When I run commands in my shell as below, it returns an expr: non-integer argument error. Can someone please explain this to me?

$ x=20
$ y=5
$ expr x / y 
expr: non-integer argument
  • 4
    @ShivanRaptor While one might argue that the question is an RTFM question, it is certainly a valid shell programming question. It is also a reasonable question for someone coming from languages that don't require dereferencing (e.g. Ruby or JavaScript). It should be left open. – Todd A. Jacobs Aug 7 '13 at 3:14
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    @ShivanRaptor No, this is on topic here. It's about programming in Bash. Unix/Linux is primarily for using the system, not programming. Now, shell scripting does span the boundary between programming and using the system, so this could be on topic on either site. If there were a question about "how do I set up networking", that would definitely belong on Unix/Linux. If it were a question about interactive keybindings in Bash, that would also belong there. But a question about shell scripting is definitely on topic here as well as there. – Brian Campbell Aug 7 '13 at 3:14
  • See my answer here, that illustrates subtraction and division of $BASH variables, using a call to Python from the shell (to convert int to float ...): stackoverflow.com/questions/8385627/… – Victoria Stuart Apr 25 '19 at 19:22

Those variables are shell variables. To expand them as parameters to another program (ie expr), you need to use the $ prefix:

expr $x / $y

The reason it complained is because it thought you were trying to operate on alphabetic characters (ie non-integer)

If you are using the Bash shell, you can achieve the same result using expression syntax:

echo $((x / y))


z=$((x / y))
echo $z
  • 1
    You can find out a lot by reading through the man-page for bash. Type man bash at the prompt (q to exit) – paddy Aug 7 '13 at 3:07
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    It has to be noted somewhere on this page that most (if not all) GNU/Linux shells only perform integer operations. – Skippy le Grand Gourou Sep 19 '14 at 12:47

I believe it was already mentioned in other threads:

calc(){ awk "BEGIN { print "$*" }"; }

then you can simply type :

calc 7.5/3.2

In your case it will be:

x=20; y=3;
calc $x/$y

or if you prefer, add this as a separate script and make it available in $PATH so you will always have it in your local shell:

calc(){ awk "BEGIN { print $* }"; }
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    You may also use echo '1 / 3' | bc -l – Eugene Oct 17 '17 at 11:28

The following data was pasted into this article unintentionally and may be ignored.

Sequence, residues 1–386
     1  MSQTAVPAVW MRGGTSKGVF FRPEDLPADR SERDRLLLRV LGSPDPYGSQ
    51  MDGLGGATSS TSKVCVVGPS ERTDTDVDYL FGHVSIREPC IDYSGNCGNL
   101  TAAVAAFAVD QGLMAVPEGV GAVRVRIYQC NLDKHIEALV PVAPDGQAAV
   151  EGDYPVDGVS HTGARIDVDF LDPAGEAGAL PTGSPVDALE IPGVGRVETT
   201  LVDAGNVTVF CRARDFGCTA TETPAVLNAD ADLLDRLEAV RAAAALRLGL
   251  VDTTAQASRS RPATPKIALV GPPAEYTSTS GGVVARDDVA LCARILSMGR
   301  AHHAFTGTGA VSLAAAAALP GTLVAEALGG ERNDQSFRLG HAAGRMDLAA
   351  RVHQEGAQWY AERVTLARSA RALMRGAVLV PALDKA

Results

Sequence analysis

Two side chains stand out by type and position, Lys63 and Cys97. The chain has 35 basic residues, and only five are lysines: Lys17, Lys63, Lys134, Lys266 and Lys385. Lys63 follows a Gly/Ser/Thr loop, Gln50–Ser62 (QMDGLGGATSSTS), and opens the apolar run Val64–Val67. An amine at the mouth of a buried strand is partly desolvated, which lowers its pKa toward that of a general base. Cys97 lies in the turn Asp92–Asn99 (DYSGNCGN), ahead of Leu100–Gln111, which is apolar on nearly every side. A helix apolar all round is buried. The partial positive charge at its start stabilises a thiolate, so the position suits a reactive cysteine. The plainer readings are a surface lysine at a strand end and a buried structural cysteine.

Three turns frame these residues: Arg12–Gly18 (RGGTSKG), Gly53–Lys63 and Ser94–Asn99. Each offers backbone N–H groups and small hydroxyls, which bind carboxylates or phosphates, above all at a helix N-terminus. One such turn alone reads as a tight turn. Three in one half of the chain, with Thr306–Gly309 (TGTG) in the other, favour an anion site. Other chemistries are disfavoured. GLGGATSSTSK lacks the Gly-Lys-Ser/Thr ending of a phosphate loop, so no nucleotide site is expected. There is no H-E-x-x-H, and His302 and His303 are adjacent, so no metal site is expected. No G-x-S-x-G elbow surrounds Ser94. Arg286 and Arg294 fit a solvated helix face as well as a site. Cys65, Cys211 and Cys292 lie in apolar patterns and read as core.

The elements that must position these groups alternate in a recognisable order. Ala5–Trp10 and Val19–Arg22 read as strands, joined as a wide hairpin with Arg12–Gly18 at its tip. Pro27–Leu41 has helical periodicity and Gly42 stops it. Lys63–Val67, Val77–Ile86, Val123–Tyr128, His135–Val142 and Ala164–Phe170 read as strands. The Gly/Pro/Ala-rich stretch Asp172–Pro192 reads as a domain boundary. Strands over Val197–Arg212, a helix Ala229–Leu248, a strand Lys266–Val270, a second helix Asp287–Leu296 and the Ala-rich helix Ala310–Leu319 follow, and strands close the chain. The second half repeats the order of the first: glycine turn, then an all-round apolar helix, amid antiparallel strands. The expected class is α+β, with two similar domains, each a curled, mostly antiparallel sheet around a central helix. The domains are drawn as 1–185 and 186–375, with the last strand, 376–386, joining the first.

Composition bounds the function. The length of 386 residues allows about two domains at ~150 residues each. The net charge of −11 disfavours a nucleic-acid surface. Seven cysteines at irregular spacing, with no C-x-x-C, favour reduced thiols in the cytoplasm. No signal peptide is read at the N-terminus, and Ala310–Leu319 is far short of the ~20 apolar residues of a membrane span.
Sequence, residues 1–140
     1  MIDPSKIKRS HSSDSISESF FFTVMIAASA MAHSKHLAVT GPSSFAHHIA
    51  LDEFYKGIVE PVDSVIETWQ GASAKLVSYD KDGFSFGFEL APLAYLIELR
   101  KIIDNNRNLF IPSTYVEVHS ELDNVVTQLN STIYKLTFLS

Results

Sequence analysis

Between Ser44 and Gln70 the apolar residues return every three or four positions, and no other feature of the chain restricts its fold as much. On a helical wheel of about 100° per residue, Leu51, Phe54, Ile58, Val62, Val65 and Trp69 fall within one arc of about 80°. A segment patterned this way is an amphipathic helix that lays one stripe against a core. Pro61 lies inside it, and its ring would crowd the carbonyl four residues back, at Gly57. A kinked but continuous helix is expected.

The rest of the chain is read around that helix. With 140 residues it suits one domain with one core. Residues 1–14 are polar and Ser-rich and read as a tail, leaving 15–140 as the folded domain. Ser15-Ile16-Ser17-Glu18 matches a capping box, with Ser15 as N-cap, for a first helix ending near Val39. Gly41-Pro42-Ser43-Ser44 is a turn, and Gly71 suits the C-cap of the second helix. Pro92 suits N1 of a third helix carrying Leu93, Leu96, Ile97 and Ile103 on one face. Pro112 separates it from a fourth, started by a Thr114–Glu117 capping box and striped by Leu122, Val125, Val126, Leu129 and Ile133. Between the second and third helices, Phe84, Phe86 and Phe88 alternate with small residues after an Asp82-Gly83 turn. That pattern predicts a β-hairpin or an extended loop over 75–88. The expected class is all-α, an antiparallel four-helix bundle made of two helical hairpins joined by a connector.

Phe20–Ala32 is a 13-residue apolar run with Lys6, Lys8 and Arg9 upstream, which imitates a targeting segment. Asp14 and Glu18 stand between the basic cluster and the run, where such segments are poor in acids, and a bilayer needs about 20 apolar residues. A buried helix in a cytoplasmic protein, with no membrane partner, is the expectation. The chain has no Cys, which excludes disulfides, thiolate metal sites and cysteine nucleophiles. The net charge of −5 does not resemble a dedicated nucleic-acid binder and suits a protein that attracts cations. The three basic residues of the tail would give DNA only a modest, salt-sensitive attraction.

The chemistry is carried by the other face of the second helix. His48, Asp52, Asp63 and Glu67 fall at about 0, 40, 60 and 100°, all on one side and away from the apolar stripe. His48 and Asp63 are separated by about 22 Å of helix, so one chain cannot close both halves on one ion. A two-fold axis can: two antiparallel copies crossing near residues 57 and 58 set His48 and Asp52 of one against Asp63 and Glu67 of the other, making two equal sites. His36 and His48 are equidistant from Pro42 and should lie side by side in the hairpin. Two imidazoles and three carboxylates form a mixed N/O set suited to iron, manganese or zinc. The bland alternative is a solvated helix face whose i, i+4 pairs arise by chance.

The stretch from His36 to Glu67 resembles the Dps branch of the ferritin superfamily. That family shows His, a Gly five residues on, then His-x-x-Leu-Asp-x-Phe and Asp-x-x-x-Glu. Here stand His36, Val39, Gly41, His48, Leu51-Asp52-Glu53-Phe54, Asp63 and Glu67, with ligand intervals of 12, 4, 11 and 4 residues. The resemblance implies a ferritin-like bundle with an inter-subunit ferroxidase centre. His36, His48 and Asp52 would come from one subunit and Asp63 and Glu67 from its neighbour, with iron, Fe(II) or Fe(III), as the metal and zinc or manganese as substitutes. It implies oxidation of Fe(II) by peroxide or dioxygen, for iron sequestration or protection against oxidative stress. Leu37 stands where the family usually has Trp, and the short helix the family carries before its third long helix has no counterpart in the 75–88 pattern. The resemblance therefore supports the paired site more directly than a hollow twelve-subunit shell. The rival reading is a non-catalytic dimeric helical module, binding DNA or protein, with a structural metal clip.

Why not use let; I find it much easier. Here's an example you may find useful:

start=`date +%s`
# ... do something that takes a while ...
sleep 71

end=`date +%s`
let deltatime=end-start
let hours=deltatime/3600
let minutes=(deltatime/60)%60
let seconds=deltatime%60
printf "Time spent: %d:%02d:%02d\n" $hours $minutes $seconds

Another simple example - calculate number of days since 1970:

let days=$(date +%s)/86400

Referencing Bash Variables Requires Parameter Expansion

The default shell on most Linux distributions is Bash. In Bash, variables must use a dollar sign prefix for parameter expansion. For example:

expr $x / $y

Of course, Bash also has arithmetic operators and a special arithmetic expansion syntax, so there's no need to invoke the expr binary as a separate process. You can let the shell do all the work like this:

x=20; y=5
echo $((x / y))
  • 1
    See Arithmetic Expansion and Shell Arithmetic in the Bash Reference Manual for all the gory details. – Todd A. Jacobs Aug 7 '13 at 3:26
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    This has nothing to do with dereferencing but interpolating and expr is discouraged in 2013. – Gilles Quenot Aug 7 '13 at 4:15
  • @sputnick You are clearly confused. Please feel free to consult a dictionary. See dereference and interpolate. – Todd A. Jacobs Aug 7 '13 at 4:25
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    A better word is expanding, but not dereferencing. dereferencing is used when we use pointers, that's not the case here, that's just simple variables. – Gilles Quenot Aug 7 '13 at 4:40
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    @Prashant: tldp is not known to be a good reference in the bash world. – Gilles Quenot Aug 7 '13 at 4:44

To get the numbers after decimal point, you can do this:-

read num1 num2
div=`echo $num1 / $num2 | bc -l`
echo $div

let's suppose




this will work properly . But if you want to use / operator in case statements than it can't resolve it. enter code here In that case use simple strings like div or devide or something else. See the code

  • This is wrong. / works fine as a shell-case label. What doesn't work is to use * for multiply without quoting it, which might be what you actually did; that causes it to effectively override all following items in the case, which in your example is 'devide' and 'modulo' – dave_thompson_085 Apr 25 '20 at 6:11

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